Category: Trains

The Great Depression Train

Train (obviously)
Train (obviously)

One night when we were teenagers my friend Jeff jumped in front of a train because he thought it was the best way to handle things at the time. A group of us had gone to the movies and as usual Jeff was out of control drunk. After another argument with his mother, a recovering alcoholic, he made his way to the tracks and waited.

Somehow he didn’t die but only broke his pelvis, and he continued to drink as heavily as before. He had his problems: two alcoholic parents, one who shot himself playing Russian roulette and a couple of missing fingers from a homemade bomb explosion, but which one caused such deep depression? Maybe all of them or maybe something else.

I lost touch with Jeff in my late twenties and watched other friends attempt to handle their depression in various ways. Most drank and did drugs as I did, and as time went by several ended up dead. After a breakup with his girlfriend my friend Cary tied a bayonet to his steering wheel and drove into a bridge. Others overdosed or shot themselves, and a former boss chose hanging.

Forty years later I still continue to struggle with depression and see many in the same boat. A photographer I used to follow, Don Graham, often wrote about his battle with Bipolar disorder and several months ago took his own life. He was in therapy and on several medications.

Depression is a fight we have with ourselves, completely created by our thoughts and we get stuck there. Antidepressants will only take you so far and often the side effects are unbearable. Therapy may help, but unless they’ve been there themselves it can seem like just words they learned from a course in college.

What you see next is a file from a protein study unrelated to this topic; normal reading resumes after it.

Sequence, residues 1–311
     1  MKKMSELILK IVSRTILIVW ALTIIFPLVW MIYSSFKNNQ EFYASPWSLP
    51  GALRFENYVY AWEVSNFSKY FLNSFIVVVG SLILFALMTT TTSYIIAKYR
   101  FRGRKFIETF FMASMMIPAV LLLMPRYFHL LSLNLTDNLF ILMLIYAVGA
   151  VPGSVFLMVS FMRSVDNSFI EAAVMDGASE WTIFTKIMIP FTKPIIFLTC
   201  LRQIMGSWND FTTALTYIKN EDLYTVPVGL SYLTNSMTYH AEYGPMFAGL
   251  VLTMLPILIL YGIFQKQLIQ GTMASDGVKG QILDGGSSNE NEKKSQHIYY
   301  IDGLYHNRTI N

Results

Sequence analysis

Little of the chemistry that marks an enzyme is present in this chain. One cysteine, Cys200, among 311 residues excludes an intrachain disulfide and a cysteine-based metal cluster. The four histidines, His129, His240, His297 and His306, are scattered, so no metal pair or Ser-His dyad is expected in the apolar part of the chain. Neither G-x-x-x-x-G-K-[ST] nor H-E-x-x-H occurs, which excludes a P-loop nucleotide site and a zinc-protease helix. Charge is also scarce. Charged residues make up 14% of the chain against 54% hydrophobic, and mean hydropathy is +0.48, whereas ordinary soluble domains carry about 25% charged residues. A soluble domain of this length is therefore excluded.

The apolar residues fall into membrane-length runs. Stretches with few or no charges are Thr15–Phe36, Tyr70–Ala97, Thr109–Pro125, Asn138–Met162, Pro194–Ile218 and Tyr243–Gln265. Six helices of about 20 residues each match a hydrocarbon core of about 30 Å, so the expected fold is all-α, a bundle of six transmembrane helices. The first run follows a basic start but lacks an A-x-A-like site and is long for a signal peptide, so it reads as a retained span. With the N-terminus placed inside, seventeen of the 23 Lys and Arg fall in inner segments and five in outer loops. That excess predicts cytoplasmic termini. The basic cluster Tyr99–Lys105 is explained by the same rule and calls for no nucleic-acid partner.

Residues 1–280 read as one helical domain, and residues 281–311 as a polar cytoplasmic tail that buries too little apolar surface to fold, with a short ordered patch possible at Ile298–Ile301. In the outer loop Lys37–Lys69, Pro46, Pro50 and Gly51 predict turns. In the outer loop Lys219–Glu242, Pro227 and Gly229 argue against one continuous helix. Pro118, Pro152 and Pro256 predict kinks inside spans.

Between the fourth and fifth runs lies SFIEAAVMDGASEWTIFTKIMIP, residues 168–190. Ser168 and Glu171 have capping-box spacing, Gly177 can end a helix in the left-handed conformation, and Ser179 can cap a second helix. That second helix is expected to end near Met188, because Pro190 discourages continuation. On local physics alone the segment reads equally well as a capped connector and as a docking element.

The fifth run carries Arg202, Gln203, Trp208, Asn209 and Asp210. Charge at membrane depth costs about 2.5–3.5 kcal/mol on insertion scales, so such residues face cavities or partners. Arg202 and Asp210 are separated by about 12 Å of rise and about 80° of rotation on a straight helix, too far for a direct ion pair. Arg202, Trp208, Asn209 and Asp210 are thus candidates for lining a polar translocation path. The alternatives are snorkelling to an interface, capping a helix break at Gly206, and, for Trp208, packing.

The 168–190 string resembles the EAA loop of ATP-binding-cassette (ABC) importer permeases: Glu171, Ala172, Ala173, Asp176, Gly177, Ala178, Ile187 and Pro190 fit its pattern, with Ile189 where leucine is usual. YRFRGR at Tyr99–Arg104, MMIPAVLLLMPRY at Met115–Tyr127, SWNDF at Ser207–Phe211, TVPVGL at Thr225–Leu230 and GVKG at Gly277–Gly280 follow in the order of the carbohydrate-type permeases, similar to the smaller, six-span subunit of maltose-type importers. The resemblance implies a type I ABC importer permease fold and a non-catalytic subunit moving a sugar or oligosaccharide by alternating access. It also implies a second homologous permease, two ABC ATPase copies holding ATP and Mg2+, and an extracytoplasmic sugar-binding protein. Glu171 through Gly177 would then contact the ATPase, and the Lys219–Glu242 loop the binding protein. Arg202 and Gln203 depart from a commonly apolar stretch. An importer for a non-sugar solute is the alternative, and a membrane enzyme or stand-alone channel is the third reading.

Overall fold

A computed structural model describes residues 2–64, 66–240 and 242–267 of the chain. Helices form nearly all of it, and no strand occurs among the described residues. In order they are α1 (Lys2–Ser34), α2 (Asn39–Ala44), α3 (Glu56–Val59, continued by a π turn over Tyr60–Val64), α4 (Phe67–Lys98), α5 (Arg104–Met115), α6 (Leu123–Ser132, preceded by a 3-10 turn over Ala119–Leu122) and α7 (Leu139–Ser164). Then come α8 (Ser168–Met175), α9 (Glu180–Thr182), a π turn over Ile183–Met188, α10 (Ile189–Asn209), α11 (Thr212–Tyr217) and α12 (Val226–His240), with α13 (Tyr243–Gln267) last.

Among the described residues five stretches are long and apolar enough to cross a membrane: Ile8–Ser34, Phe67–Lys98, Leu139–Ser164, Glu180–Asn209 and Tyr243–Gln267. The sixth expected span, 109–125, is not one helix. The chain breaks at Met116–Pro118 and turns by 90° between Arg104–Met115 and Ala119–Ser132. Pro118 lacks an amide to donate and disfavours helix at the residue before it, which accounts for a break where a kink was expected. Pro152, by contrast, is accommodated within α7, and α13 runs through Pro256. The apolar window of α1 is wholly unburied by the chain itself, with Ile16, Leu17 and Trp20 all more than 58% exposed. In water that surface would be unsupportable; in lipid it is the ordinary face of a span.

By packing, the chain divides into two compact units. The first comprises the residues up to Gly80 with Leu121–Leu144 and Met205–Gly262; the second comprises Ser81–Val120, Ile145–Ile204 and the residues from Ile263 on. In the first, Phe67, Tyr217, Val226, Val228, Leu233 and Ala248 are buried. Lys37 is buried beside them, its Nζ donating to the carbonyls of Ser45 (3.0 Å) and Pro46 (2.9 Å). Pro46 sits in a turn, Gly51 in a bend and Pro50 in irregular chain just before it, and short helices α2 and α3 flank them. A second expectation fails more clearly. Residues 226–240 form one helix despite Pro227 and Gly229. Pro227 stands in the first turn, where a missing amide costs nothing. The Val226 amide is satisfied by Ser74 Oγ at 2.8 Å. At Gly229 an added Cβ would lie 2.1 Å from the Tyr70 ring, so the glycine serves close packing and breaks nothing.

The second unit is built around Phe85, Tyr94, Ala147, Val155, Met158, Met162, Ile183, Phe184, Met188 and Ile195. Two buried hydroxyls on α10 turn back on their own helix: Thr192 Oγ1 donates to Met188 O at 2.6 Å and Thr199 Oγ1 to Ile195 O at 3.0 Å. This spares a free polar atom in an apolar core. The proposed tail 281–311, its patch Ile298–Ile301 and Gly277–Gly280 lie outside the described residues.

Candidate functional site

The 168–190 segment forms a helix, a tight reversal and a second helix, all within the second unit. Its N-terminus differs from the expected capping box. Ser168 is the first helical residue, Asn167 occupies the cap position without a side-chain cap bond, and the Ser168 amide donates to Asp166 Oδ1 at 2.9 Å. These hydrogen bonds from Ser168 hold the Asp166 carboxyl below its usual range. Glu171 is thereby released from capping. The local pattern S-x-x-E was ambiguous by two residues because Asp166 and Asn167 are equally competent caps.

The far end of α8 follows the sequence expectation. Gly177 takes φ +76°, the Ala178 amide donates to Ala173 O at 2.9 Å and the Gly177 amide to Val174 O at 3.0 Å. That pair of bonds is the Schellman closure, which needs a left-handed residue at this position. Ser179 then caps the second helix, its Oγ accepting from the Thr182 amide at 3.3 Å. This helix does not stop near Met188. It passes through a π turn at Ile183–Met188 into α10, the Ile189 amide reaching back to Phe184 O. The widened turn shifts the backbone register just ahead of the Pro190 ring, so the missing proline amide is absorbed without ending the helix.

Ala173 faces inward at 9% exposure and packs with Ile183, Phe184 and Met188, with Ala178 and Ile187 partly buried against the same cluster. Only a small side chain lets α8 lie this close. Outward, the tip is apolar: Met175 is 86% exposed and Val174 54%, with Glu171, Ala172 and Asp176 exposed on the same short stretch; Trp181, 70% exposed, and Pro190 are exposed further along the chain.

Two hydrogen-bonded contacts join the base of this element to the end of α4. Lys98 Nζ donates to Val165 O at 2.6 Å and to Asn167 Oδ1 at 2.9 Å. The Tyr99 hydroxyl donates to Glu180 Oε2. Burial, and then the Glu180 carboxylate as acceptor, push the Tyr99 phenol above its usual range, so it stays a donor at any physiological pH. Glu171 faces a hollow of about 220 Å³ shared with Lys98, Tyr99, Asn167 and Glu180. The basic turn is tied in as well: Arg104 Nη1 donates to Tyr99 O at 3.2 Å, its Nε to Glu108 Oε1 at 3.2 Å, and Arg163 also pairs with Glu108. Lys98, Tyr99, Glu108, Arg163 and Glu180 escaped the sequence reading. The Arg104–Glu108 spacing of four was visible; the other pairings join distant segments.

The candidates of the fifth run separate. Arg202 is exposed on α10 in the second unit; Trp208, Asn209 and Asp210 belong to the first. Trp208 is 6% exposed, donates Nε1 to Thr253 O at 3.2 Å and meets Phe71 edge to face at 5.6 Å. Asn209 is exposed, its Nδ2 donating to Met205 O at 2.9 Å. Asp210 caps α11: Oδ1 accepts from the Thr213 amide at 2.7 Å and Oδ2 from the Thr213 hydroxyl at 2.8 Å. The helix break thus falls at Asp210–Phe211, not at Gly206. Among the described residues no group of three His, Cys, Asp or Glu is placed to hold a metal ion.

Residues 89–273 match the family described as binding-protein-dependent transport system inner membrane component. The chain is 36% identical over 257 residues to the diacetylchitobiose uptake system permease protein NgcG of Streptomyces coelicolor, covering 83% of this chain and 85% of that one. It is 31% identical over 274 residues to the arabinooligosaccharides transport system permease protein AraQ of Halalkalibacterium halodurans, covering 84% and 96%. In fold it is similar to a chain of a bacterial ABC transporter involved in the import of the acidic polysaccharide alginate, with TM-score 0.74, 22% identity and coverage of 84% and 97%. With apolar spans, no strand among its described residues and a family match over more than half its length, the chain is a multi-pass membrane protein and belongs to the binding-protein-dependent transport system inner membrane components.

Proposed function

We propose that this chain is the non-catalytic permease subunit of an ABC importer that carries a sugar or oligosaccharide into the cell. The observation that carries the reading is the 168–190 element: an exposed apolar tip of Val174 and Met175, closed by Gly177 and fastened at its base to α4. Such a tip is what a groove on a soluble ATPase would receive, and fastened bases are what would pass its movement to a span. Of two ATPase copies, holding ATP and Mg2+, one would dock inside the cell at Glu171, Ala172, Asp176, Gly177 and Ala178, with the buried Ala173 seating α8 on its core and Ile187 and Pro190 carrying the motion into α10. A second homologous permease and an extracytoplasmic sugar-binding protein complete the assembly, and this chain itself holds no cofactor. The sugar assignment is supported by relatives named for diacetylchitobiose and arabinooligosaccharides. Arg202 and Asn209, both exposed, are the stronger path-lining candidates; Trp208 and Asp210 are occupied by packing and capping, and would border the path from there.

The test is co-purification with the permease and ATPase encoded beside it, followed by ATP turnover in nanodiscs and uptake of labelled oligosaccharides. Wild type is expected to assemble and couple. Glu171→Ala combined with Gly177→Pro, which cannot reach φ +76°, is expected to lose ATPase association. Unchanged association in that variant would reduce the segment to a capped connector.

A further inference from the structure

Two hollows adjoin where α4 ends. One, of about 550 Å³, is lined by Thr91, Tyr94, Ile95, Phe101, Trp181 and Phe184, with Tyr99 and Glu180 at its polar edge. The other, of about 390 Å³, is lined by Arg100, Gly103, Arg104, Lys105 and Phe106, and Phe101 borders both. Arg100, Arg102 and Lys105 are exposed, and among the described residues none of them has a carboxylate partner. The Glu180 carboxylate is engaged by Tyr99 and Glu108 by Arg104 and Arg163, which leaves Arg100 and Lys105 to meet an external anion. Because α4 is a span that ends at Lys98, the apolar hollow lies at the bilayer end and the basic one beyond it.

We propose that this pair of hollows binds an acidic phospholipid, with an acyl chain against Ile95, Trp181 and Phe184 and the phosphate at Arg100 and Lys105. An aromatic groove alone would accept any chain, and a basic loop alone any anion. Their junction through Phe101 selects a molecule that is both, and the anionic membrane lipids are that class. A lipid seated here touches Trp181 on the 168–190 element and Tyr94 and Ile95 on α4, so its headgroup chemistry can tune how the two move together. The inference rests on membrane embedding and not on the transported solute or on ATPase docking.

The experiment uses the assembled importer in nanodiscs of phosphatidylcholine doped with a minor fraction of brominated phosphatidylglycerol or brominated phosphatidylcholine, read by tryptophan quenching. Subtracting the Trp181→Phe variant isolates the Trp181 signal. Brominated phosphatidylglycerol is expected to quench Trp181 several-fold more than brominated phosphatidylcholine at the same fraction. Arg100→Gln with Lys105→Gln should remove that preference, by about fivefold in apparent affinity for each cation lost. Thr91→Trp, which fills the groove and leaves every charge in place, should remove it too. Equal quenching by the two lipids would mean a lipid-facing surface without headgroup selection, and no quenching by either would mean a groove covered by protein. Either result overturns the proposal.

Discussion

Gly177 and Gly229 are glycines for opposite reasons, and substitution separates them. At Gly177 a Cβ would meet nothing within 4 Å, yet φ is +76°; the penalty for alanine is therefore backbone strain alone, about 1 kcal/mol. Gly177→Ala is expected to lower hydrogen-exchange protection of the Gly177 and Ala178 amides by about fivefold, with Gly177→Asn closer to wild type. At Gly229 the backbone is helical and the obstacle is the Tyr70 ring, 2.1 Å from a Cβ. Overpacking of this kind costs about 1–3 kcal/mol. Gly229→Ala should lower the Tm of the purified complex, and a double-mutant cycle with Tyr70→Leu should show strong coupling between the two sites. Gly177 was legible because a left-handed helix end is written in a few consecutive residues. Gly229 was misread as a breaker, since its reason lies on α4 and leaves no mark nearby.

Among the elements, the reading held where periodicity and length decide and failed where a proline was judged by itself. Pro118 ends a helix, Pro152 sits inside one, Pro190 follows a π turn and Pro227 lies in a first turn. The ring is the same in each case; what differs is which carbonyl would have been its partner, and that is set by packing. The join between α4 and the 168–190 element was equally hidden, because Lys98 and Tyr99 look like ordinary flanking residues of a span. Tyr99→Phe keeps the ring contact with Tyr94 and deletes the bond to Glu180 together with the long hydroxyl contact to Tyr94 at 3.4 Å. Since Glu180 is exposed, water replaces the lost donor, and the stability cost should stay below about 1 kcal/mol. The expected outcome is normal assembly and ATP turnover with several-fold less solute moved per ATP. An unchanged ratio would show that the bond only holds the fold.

I think of depression like a train: Sometimes you can see it objectively, and despite all the smoke and noise you can distance yourself from it and get through the day. Other times its headed right for you, and like my friend Jeff, you stand there as it runs you over.

My favorite author, Charles Bukowski wrote: Nobody can save you but yourself and you’re worth saving. It’s a war not easily won but if anything is worth winning then this is it. Think about it. Think about saving your self.”

Charter Day 2018

Charter Day Blues
Charter Day Blues

Yesterday three museums in Lancaster County celebrated Pennsylvania’s 333rd birthday by offering free admission for Charter Day. Charter Day commemorates the charter King Charles II granted Pennsylvania founder William Penn in 1681.

I went back to the Railroad Museum to practice using my 35mm lens. While most people seemed to be enjoying themselves, I heard several bored kids ask their parents when they could go home. The smart ones just used body language.